Trust was ultimately assigned 442.00 feet; North 17 de- Substitute Trustee. 16 • Thursday, August to Green Tree Servicing, LLC, g r29, e e s 2013 4 1 m i n•u tDaily e s W Corinthian est by assignment on file and of 105.20 feet; North 33 deWITNESS my signature, on record LEGALS in the office of the g r e e s LEGALS theLEGALS 15th day of August, 0955 0955 4 2 m i n u t e s W e s t this 0955 Chancery Clerk of Alcorn 249.00 feet; thence leaving 2013. County, Mississippi, as Instru- said centerline run South 58 ment No. 201303301 thereof; degrees 41 minutes West ________________ 20.00 feet to an iron pin on and the West right-of-way of said BRADLEY P. JONES WHEREAS, the legal holder paved public road; thence run of the said Deed of Trust and South 58 degrees 41 minutes SUBSTITUTE TRUSTEE the note secured thereby, West 378.60 feet to an iron substituted Bradley P. Jones, pin and the Point of Begin- PREPARED BY: as Trustee therein, as author- ning; thence run North 59 de- ADAMS & EDENS ized by the terms thereof, by g r e e s 1 9 m i n u t e s W e s t POST OFFICE BOX 400 instrument recorded in the 563.60 feet; thence run South BRANDON, MISSISSIPPI office of the aforesaid Chan- for 211.92 feet; thence run 39043 cery Clerk as Instrument No. South 46 degrees 26 minutes (601) 825-9508 East for 137.83 feet; thence A&E File #13-02052 201303302 thereof; and run North 87 degrees 08 WHEREAS, default having minutes East for 385.31 feet P U B L I S H : 0 8 / 2 2 / 2 0 1 3 , been made in the perform- to the Point of Beginning, 0 8 / 2 9 / 2 0 1 3 , 0 9 / 0 5 / 2 0 1 3 ance of the conditions and containing 1.62 acres, more 14355 stipulations as set forth by or less. said Deed of Trust, and havIN THE CHANCERY ing been requested by the leg- Tract #2: Commence at the C O U R T O F A L C O R N Southwest Corner of the al holder of the indebtedness COUNTY, MISSISSIPPI secured and described by said Northwest Quarter of Section 35, Township 2 South, Deed of Trust so to do, noRE: THE LAST WILL AND tice is hereby given that I, Range 6 East, Alcorn County, TESTAMENT OF Mississippi; thence run East Bradley P. Jones, Substitute PAUL D. WATKINS, Trustee, by virtue of the au- 1900 feet, more or less, to CAUSE NO. 2013-0474-02 the centerline of a public thority conferred upon me in DECEASED said Deed of Trust, will offer road; thence run along said centerline the following: for sale and will sell at public NOTICE TO CREDITORS sale and outcry to the highest North 1 degree 16 minutes East 676.8 feet; North 0 deand best bidder for cash, durNOTICE IS GIVEN that ing the legal hours (between grees 21 minutes West 442 Letters Testamentary were feet; North 17 degrees 41 the hours of 11 o'clock a.m. on the 26 day of August, and 4 o'clock p.m.) at the minutes West 105.2 feet; 2013 granted the underNorth 33 degrees 42 minutes South front door of the signed Executrix of the EsCounty Courthouse of Al- West 249 feet; thence run tate of PAUL D. WATKINS, corn County, at Corinth, Mis- South 58 degrees 41 minutes Deceased, by the Chancery sissippi, on the 12th day of West 20 feet to a point on Court of Alcorn County, MisSeptember, 2013, the follow- the West right-of-way line of sissippi; and all persons having described land and prop- a public road for the Point of ing claims against said Estate erty being the same land and Beginning; thence run South are required to have the same property described in said 58 degrees 41 minutes West probated and registered by Deed of Trust, situated in Al- 378.6 feet to a fence corner; the Clerk of said Court withcorn County, State of Missis- thence run North 59 degrees in ninety (90) days after the 19 minutes West 563.6 feet; date of the first publication of sippi, to-wit: thence run North 215 feet; this Notice, which is the 29 The following described prop- thence run North 89 degrees day of August , 2013 or the erty lying and being in the 42 minutes East 288.6 feet to same shall be forever barred. Northwest Quarter of Sec- an iron pin at a fence line protion 35, Township 2 South, jection running North; thence WITNESS OUR SIGNARange 6 East, Alcorn County, continue North 89 degrees TURE(S), this the 26 day of Mississippi, more particularly 42 minutes East 454.66 feet August, 2013. to the West right-of-way line described as follows: of a public road; thence run CLYSTER WATKINS Tract #1: Commencing at the along the West right-of-way EXECUTRIX Southwest Corner of the line of said public road the Northwest Quarter of Sec- following: South 2 degrees 59 3t's 8/29, 9/5, 9/12 tion 35, Township 2 South, minutes East 184.6 feet; South 14369 Range 6 East, Alcorn County, 16 degrees 14 minutes East Mississippi, thence run East 62 feet; South 29 degrees 52 Substitute Trustee’s Notice of Sale 1900 feet, more or less, to minutes East 76 feet to the the centerline of a paved pub- Point of Beginning, containing lic road (Alcorn County Road 6.79 acres, more or less. STATE OF MISSISSIPPI #512); thence run along said COUNTY OF Alcorn centerline the following: Title to the above described North 1 degree 16 minutes property is believed to be WHEREAS, on the 29th East 676.80 feet; North 0 de- good, but I will convey only g r e e s 2 1 m i n u t e s W e s t such title as is vested in me as day of February, 2000, and acknowledged on the 442.00 feet; North 17 de- Substitute Trustee. 29th day of February, grees 41 minutes West WITNESS my signature, on 2000, Nancy V Waller, a 105.20 feet; North 33 deg r e e s 4 2 m i n u t e s W e s t this the 15th day of August, single person, executed 249.00 feet; thence leaving 2013. and delivered a certain said centerline run South 58 Deed of Trust unto Judy ________________ degrees 41 minutes West McMillan, Trustee for AUTO SERVICES 20.00 feet to an iron pin on 0840 First Family Financial Serthe West right-of-way of said BRADLEY P. JONES vices, Inc., Beneficiary, to paved public road; thence run South 58 degrees 41 minutes SUBSTITUTE TRUSTEE secure an indebtedness West 378.60 feet to an iron therein described, which PREPARED BY: pin and the Point of BeginDeed of Trust is recorADAMS & EDENS ning; thence run North 59 deded in the office of the POST OFFICE BOX 400 grees 19 minutes West Chancery Clerk of Al563.60 feet; thence run South BRANDON, MISSISSIPPI corn County, Mississippi for 211.92 feet; thence run 39043 in TD Book 527 at Page South 46 degrees 26 minutes (601) 825-9508 East for 137.83 feet; thence A&E File #13-02052 602 and rerecorded in run North 87 degrees 08 Book 543 at Page 103; P U B L I S H : 0 8 / 2 2 / 2 0 1 3 , minutes East for 385.31 feet and 0 8 / 2 9 / 2 0 1 3 , 0 9 / 0 5 / 2 0 1 3 to the Point of Beginning, 14355 containing 1.62 acres, more 470 TRACTORS/ 868 804 WHEREAS, on the 7th or less.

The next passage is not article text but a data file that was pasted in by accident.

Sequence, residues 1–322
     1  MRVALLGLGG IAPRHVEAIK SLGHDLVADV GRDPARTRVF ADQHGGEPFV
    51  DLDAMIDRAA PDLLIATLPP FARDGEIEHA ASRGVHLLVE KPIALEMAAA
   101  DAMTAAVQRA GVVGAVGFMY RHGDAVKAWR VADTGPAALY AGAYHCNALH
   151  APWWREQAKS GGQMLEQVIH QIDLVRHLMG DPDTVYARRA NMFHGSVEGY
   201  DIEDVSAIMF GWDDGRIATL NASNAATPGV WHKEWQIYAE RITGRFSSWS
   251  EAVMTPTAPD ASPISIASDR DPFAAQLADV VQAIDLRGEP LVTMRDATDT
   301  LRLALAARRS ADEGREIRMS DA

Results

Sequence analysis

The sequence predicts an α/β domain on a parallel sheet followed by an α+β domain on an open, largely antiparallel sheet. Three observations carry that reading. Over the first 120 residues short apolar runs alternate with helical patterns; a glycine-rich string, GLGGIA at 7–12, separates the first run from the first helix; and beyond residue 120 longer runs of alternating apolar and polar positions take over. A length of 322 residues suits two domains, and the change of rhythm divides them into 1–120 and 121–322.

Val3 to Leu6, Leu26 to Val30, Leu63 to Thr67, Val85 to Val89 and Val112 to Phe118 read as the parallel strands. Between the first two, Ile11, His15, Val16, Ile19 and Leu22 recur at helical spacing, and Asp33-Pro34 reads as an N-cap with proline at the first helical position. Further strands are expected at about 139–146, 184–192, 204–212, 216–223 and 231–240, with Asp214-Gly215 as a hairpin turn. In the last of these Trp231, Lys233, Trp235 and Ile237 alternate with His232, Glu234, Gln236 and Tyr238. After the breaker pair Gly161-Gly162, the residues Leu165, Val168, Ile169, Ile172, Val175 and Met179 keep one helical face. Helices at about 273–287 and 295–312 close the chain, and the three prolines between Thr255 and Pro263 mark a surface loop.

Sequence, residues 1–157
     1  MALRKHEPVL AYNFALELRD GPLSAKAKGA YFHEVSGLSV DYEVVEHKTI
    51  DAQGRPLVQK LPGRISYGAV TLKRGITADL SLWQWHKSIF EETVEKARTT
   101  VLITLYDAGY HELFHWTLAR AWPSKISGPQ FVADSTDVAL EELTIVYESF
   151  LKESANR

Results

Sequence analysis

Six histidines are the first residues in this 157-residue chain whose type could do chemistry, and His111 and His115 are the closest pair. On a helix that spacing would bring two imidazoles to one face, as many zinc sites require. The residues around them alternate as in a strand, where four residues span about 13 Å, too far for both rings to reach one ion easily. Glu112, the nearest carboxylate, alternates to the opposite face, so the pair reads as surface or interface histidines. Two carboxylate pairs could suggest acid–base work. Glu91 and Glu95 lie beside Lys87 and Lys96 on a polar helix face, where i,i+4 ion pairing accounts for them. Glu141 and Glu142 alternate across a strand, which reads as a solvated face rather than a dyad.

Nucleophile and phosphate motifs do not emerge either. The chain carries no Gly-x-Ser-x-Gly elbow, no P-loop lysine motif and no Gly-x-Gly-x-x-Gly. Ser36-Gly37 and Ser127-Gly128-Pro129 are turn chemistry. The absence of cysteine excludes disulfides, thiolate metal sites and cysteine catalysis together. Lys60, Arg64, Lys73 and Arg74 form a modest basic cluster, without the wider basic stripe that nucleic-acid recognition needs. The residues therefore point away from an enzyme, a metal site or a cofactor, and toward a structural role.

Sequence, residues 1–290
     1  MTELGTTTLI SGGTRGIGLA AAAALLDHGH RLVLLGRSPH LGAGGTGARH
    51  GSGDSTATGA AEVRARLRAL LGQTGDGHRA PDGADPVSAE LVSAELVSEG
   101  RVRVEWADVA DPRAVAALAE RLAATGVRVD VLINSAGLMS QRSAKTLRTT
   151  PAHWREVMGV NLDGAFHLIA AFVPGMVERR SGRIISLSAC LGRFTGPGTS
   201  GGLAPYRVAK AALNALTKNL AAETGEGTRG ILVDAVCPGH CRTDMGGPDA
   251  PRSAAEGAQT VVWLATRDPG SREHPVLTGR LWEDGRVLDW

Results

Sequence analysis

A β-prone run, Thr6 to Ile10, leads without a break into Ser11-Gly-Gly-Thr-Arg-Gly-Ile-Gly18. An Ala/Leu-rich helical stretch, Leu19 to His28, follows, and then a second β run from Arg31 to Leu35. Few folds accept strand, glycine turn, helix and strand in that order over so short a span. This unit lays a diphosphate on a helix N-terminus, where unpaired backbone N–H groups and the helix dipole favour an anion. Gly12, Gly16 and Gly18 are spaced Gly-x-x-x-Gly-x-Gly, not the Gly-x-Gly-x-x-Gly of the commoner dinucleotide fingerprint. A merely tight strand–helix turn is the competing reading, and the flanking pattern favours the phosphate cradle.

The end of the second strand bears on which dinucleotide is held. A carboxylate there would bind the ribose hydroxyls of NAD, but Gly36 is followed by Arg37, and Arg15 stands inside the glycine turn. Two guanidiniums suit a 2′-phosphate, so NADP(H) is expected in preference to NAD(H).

29th day of February, 2000, Nancy V Waller, a single person, executed LEGALS a certain 0955delivered and Deed of Trust unto Judy McMillan, Trustee for First Family Financial Services, Inc., Beneficiary, to secure an indebtedness therein described, which Deed of Trust is recorded in the office of the Chancery Clerk of Alcorn County, Mississippi in TD Book 527 at Page 602 and rerecorded in Book 543 at Page 103; and WHEREAS, on the 7th day of March, 2013, First Family Financial Services, Inc., a Delaware Corporation, successor by merger to First Family Financial Services, Inc., a Mississippi Corporation, assigned said Deed of Trust unto CitiMortgage, Inc., by instrument recorded in the office of the aforesaid Chancery Clerk in Instrument# 201301194; and WHEREAS, on the 19th day of June, 2013 the Holder of said Deed of Trust substituted and appointed Emily Kaye Courteau as Trustee in said Deed of Trust, by instrument recorded in the office of the aforesaid Chancery Clerk in Instrument# 201302599; and